I picked Kamali’s latest novel for Iran because I have heard a lot of Kamali who was born to Iranian parents in Turkey. She’s traveled extensively and lived in Kenya, Germany, Turkey, Iran, and the United States. Her multifaceted identity axiomatically complicates her positionality as an Iranian writer only, making The Stationery Shop the perfect novel for my project.
Ekrem’s is a story of displacement and self-realization—a story of reconciliation between Eastern and Western cultural codes within a transcultural space as she grows into independence as a woman and an immigrant.
As a war narrative enveloped in magic, love, and hope, The Baghdad Clock adds depth to the burgeoning genre of postcolonial Iraqi novels.
Without a doubt, 2020 has been a testing time for all of us across the globe. Fortunately for us book lovers, the new decade has been packed with compelling debuts […]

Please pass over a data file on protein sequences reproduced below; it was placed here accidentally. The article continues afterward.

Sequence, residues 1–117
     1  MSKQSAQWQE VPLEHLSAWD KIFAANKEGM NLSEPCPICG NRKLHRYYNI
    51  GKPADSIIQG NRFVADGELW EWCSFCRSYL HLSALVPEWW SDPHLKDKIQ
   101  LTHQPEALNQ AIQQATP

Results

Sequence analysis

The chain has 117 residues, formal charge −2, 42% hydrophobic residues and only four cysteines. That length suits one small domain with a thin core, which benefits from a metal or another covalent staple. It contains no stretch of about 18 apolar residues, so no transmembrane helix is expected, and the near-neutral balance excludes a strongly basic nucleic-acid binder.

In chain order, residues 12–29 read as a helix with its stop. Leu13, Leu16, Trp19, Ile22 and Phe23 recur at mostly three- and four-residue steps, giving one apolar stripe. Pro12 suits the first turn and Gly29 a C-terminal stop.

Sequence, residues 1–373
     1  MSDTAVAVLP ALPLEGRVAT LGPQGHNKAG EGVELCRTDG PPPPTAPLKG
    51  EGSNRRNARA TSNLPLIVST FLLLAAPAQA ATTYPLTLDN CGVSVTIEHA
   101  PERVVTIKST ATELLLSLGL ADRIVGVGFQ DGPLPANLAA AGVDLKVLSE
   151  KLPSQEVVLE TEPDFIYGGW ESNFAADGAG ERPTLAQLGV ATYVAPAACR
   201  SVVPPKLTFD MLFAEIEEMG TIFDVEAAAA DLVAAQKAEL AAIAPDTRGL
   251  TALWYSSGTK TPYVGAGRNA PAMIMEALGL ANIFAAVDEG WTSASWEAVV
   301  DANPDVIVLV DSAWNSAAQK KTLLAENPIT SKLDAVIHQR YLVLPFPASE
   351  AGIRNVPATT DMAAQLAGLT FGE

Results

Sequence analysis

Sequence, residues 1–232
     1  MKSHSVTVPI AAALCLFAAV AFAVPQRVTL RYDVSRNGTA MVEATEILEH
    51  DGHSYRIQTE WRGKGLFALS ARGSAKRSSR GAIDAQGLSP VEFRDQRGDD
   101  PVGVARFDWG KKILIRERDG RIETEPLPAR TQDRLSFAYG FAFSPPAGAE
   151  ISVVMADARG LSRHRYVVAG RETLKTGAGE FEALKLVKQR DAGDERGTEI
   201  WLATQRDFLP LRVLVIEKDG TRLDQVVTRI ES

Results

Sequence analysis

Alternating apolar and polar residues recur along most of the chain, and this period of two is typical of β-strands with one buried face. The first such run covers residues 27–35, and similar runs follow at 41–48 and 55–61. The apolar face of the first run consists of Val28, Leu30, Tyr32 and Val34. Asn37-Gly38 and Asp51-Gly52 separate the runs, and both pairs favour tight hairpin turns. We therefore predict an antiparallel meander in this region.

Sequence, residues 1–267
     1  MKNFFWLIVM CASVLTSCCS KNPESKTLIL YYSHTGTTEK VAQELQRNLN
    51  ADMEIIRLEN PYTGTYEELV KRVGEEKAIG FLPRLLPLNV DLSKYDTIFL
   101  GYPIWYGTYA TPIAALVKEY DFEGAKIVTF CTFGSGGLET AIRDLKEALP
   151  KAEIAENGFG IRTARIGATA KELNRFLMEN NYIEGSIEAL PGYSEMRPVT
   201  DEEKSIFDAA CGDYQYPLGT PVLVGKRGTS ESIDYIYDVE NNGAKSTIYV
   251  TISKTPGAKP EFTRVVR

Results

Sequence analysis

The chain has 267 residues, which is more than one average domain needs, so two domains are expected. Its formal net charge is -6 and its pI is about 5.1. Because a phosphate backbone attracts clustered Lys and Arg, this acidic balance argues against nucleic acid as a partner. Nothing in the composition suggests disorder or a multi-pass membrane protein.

Alifa Rifaat’s stories are situated within an Islamic framework that allows her to create a feminism of her own. Since Islam and empowerment are often misguidedly placed in contradiction to one another, it’s easy to see why Rifaat is not a household name.
The Year of the Middle Eastern Reading Challenge + Unapologetically Muslim Reading Challenge? Yes, please.
This may all seem too idealistic to some but nonetheless conveys a crucial message about the role of the artist and what cultural and literary representations can offer in the ongoing debates about the so-called “problem” of Muslims in the Anglophone North Atlantic.